Then Splet, the engineer, would have the task of locating something concrete to coincide with Lynch’s concept. “I have to start probing a little bit just to get it a little more concretized,” he said. “Then when I think I’ve got it, I’ll try something on David. He’ll say, ‘Ah no, no, no. It should be such and such.’ Then I think back and I’ll approach it again and try something different.” They would repeat this process until they finally narrowed it down to the sound that Lynch wanted – at which point they would start on the next effect.
For Lynch, sound is a vitally important part of the whole, not simply an enhancement of the picture. As in his use of visual images, his approach to sound is essentially expressionistic. Lynch’s manipulation of sound transforms effects into a kind of music which serves the purpose usually fulfilled by the score, as a guide to the viewer’s emotions, but without being abstractly detached from the visual image as music is. Lynch himself sees it in terms of a spectrum, with music as “brittle” and sound effects as “liquid”. His use of sound lies somewhere in the centre, the area of plasticity where the liquid is beginning to solidify.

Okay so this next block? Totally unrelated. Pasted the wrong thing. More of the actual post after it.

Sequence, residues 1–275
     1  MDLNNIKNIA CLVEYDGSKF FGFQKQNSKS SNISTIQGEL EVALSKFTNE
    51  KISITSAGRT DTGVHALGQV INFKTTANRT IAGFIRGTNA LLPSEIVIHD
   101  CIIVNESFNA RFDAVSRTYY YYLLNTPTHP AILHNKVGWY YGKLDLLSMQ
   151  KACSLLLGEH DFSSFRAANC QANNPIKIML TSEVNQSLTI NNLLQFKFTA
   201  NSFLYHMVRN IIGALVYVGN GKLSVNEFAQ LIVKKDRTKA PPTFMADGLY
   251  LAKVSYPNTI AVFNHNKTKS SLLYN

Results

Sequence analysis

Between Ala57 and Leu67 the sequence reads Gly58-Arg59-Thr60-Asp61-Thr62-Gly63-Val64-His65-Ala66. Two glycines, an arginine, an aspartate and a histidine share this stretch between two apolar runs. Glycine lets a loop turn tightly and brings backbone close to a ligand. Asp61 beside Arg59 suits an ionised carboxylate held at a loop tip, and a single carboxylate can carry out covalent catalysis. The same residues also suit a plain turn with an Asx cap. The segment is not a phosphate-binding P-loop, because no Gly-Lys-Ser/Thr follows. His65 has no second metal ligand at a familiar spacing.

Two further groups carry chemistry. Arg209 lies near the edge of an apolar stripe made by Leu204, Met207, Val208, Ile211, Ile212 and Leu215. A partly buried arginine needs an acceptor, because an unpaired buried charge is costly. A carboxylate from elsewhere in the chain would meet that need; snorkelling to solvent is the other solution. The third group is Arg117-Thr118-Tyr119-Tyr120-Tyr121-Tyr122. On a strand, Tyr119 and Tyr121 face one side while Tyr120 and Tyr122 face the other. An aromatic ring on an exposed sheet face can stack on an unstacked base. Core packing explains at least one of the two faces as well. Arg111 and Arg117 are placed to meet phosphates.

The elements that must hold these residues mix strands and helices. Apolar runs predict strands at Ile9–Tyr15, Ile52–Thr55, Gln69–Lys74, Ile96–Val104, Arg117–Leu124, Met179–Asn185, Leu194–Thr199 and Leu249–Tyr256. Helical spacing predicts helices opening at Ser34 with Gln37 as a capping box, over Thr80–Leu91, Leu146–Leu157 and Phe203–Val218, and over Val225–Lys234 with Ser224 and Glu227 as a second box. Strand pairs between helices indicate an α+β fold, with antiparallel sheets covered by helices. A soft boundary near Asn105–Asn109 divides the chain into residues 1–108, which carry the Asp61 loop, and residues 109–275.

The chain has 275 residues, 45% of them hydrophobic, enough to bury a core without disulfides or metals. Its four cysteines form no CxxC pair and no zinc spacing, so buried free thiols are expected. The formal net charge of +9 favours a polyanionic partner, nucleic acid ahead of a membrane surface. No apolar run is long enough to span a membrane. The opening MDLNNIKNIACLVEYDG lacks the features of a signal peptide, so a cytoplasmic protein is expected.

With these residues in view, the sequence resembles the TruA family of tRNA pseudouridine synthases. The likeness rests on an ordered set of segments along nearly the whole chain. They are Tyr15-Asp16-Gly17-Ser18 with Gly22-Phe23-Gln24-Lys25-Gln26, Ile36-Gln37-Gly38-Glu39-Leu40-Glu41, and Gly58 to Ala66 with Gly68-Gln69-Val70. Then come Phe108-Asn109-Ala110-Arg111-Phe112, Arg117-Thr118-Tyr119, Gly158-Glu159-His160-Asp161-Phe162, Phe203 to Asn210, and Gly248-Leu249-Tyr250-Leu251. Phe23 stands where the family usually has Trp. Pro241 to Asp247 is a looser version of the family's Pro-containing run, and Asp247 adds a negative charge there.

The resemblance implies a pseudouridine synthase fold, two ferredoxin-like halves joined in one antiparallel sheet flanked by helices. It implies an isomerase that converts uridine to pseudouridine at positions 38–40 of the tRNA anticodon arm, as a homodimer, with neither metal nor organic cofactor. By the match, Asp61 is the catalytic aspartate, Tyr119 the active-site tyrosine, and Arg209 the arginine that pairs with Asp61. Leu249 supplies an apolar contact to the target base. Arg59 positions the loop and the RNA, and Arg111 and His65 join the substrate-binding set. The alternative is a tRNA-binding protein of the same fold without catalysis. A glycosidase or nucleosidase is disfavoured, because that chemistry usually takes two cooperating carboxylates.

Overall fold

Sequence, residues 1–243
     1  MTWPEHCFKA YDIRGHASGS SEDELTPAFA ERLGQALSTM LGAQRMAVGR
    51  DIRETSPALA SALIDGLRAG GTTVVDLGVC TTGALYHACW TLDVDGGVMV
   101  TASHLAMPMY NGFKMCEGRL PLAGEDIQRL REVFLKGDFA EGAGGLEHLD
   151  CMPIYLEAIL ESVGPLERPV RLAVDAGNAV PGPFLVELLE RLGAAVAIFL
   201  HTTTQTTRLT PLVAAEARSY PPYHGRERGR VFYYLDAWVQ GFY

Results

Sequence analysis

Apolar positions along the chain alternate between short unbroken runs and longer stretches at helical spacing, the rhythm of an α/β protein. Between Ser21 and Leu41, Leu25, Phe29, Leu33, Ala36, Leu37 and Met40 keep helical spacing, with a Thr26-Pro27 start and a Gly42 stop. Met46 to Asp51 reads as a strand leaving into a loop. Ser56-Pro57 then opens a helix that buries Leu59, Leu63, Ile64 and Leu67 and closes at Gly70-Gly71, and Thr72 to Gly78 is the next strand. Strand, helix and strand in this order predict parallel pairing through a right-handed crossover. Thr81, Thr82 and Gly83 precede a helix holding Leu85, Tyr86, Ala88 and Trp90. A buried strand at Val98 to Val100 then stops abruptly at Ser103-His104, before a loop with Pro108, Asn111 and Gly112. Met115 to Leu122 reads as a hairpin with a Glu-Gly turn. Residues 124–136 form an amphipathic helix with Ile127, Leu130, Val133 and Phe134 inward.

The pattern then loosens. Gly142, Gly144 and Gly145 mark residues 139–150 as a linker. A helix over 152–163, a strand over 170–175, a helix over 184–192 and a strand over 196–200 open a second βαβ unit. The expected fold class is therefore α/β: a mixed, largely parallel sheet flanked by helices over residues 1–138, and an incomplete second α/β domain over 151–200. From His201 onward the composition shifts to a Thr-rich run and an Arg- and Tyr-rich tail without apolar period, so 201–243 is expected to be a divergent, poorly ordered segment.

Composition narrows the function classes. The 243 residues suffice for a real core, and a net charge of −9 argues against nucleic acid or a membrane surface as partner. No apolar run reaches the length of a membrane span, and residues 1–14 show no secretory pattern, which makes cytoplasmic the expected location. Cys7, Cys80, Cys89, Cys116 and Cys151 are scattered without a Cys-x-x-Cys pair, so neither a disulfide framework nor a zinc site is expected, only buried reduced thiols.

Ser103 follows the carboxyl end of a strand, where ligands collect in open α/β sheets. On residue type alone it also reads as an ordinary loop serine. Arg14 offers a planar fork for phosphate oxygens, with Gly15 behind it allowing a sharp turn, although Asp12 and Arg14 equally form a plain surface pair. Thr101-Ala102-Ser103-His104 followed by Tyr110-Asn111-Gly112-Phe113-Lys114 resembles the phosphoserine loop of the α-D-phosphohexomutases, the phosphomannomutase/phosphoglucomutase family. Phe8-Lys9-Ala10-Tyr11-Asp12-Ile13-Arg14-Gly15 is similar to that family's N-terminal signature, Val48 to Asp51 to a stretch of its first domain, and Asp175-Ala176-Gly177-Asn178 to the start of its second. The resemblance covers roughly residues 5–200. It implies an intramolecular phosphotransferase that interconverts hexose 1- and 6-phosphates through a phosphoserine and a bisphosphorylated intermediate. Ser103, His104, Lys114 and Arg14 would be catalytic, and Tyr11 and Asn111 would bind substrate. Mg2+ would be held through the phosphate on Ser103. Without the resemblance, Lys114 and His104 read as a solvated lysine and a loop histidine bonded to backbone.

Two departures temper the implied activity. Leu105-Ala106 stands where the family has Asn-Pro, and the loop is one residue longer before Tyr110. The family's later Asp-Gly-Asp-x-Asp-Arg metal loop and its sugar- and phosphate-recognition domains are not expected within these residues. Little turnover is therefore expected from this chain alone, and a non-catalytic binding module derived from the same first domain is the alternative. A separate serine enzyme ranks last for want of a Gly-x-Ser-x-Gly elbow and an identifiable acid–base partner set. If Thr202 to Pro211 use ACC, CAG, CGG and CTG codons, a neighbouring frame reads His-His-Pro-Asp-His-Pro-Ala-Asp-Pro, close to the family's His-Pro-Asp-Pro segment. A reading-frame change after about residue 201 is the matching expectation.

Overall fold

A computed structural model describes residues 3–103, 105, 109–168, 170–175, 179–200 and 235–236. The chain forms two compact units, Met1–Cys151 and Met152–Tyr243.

The collaboration between Lynch and Splet on THE GRANDMOTHER was so successful that the film went on to win prizes at the San Francisco, Belleview, and Atlanta film festivals, and the Critics’ Choice Award of a panel voting on the twelve best filmmakers to be given grants by the AFI. Also, George Stevens, Jr, and Tony Vellani were so impressed that they offered Splet the position of head of the sound department at the new AFI Centre in L.A. Although he resisted for a while, Splet finally accepted.
So, in 1970, Lynch, his wife and baby daughter, Splet, and Jack Fisk all headed for California together.